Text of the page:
- Development & Aid
- Economy & Trade
- Human Rights
- Global Governance
- Civil Society
Monday, December 9, 2013
- Nomsa Tsabedze is one of the many people at the Bunye Betfu, Buhle Betfu Credit and Savings Cooperatives waiting to apply for a loan to pay for her children’s school fees.
“Unlike banks, there is no collateral required before you get a loan from a cooperative,” said Tsabedze, adding: “If you’re a member of a cooperative, you’re guaranteed a loan depending on how much you’ve saved.”
For the past five years, ever since she started working as a clerk in the public service, Tsabedze has been saving and obtaining loans from the cooperative.
But while Tsabedze and thousands like her have chosen to put their money in cooperatives as opposed to banks, many in this Southern African nation feel that this poses no risk to the banking industry.
This is despite concerns by the International Monetary Fund (IMF) said that the country’s increasingly popular 230 savings and cooperatives pose a threat to commercial banks.
“This is because loans from cooperatives are more accessible to the Swazi population and do not have appropriate risk weighted safeguards,” reads the report released in December.
While commercial banks are viewed as risk averse and reluctant to lend, cooperatives have become the preferred lender for civil servants, in particular. There are four commercial banks in the country and one building society, which operates as a bank.
However, Central Bank of Swaziland deputy governor Sibongile Mdluli said that despite the pending economic crisis that started in 2010 when Swaziland lost up to 60 percent of its national budget because of a cut in revenue from the Southern African Customs Union, banks remain stable.
“Emerging risks and pressure from the macroeconomic environment are being closely monitored and there is no reason to believe that the financial sector stability is under threat,” said Mdluli.
While the deputy commissioner of Cooperatives and Development, Mike Gama, said that banks have nothing to fear from cooperatives, he told IPS that his society was forming its own bank and this would pose a threat to the banking industry.
“Banks are charging cooperatives exorbitant fees in respect of bank charges,” said Gama. “As a result, we’re in the process of establishing our own bank. For sure this is going to cripple the banks.”
Meanwhile, the IMF argues that cooperatives are not currently regulated and supervised, therefore, it is possible for people to fall into serious debt because one person might get loans from different institutions at the same time.
But Gama disagreed arguing that a person is eligible to join only one cooperative and that these institutions still subject those who want to borrow to the same regulations expected from banks and micro-lenders.
He added that a person could only borrow money from the cooperative they belong to.
“Cooperatives also ensure that the person’s debts do not exceed 33 percent of one’s gross salary as the law stipulates,” said Gama, adding: “Every cooperative has a policy on lending, saving and repayment. I guess the IMF was just generalising on this issue.”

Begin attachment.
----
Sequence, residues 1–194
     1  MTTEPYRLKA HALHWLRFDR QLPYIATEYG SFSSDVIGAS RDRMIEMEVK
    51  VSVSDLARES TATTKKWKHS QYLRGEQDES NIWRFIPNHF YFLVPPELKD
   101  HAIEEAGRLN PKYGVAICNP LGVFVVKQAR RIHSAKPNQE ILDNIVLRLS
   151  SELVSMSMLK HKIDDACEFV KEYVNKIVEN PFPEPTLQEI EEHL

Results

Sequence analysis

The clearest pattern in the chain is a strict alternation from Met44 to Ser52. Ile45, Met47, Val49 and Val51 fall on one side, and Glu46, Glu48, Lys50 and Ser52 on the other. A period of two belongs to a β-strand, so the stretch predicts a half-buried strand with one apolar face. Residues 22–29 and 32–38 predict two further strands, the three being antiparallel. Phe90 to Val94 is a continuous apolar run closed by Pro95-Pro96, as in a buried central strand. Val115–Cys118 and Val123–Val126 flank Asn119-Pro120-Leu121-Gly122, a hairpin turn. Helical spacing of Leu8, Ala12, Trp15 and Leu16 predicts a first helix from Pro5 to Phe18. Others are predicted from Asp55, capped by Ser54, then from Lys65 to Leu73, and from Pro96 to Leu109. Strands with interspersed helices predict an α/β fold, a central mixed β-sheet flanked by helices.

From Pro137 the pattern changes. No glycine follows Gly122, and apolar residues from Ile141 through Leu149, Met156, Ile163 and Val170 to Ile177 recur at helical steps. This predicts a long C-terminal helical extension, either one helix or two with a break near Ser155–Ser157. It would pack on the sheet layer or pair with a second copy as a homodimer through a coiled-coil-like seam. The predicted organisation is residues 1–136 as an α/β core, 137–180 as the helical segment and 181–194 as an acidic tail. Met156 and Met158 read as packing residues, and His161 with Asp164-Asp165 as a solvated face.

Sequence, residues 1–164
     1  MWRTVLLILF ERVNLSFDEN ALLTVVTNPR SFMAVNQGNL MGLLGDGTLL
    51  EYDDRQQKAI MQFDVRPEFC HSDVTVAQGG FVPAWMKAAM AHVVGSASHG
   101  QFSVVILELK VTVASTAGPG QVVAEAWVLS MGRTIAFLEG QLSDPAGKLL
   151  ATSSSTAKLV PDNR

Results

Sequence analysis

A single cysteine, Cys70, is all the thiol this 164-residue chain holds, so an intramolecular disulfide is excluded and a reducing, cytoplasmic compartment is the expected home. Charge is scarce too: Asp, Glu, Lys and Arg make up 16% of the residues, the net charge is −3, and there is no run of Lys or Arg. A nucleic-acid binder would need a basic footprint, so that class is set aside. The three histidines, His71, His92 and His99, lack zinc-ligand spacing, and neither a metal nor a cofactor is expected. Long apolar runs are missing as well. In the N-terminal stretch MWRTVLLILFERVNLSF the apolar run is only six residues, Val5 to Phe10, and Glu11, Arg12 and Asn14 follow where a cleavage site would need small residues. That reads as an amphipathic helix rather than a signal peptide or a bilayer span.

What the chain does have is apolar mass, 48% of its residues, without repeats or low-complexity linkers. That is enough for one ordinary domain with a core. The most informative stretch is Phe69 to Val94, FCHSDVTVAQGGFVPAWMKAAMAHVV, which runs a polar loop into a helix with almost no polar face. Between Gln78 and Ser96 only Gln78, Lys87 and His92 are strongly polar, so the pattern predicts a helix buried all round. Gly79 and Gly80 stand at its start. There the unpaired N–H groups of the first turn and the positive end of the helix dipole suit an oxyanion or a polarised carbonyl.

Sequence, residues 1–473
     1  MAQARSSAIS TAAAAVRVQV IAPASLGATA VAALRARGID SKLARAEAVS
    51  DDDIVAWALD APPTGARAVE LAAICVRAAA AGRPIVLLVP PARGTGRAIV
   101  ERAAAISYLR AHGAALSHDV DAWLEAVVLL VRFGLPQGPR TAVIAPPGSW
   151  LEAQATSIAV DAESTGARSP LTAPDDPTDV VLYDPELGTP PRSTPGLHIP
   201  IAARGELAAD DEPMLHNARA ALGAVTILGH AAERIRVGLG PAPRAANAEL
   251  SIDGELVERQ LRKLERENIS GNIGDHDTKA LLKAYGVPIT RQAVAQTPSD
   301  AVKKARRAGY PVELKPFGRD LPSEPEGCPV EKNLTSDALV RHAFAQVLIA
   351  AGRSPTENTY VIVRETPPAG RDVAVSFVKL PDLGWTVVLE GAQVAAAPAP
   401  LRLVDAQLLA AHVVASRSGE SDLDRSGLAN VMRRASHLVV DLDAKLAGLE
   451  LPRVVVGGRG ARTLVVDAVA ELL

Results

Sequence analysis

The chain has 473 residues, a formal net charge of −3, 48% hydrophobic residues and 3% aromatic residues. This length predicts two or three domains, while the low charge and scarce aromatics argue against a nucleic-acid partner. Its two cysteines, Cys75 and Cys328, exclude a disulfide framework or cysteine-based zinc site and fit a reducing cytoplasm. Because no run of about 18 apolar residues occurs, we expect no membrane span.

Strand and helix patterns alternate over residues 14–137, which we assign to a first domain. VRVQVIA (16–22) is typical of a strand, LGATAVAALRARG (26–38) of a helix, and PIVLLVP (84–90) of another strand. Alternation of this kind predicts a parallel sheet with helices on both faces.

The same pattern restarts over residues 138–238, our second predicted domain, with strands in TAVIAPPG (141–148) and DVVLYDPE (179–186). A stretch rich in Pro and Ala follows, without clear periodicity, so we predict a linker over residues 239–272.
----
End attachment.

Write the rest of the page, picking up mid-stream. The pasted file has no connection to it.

He admitted that savings and credit cooperatives are gaining popularity among workers because they have flexible lending conditions and people have a sense of ownership.
Tsabedze told IPS that an appealing aspect of cooperatives was that the interest generated from the loan is also shared among members at the end of the year.
“You don’t generate a profit for somebody else but make money for yourself,” said Tsabedze. She said even the interest on a loan is lower than that charged by commercial banks – at eight percent for a three-year loan.
The IMF assessed the situation again during its visit to Swaziland From Jan. 26 to Feb. 1 where IMF head of mission Johannes Mongardini requested the government put in place a regulatory authority for non- bank financial institutions while shifting the regulation of cooperatives to the Central Bank in the meantime.
In the December report, the IMF revealed that Swaziland’s banks are more vulnerable than they ever were before owing to the fact that government owes them directly and indirectly through suppliers who have loans with the financial institutions.
In fact, this is not the first time that the IMF has sounded a warning on financial institutions. In November it noted that Swaziland’s commercial banks were under threat because people were withdrawing their deposits and taking them to South Africa.
Central Bank governor Martin Dlamini, however, dismissed the IMF’s assertion saying depositors were withdrawing their money to invest in unit trusts.
But the IMF through the Macroeconomic Vulnerabilities Stemming from the Global Economic Crisis: The Case of Swaziland report, emphasised that banks have more to worry about under the pending economic downturn.
“Although commercial banks have tried to reduce their direct exposure to government in 2011, the accumulation of arrears has led them to provide bridge financing to suppliers, increasing indirect exposure,” reads the report.
Government owed suppliers about 200 million dollars as of June last year and the IMF said if the financial crisis persists, loan portfolios of banks would also weaken.
Government’s dominance in the economy is also another risk factor to the banking sector because a number of state-owned enterprises and small and medium enterprises are heavily dependent on government for business.
So far the banks have experienced a marginal increase in non-performing loans as a consequence of the fiscal crisis.
“However, when the private sector does reach a point where the non-payment of arrears results in bankruptcies, not only will banks be affected but the whole economy may face a significant recession,” said the IMF.
And for now, there is nothing stopping people like Tsabedze from accessing loans while making money for themselves.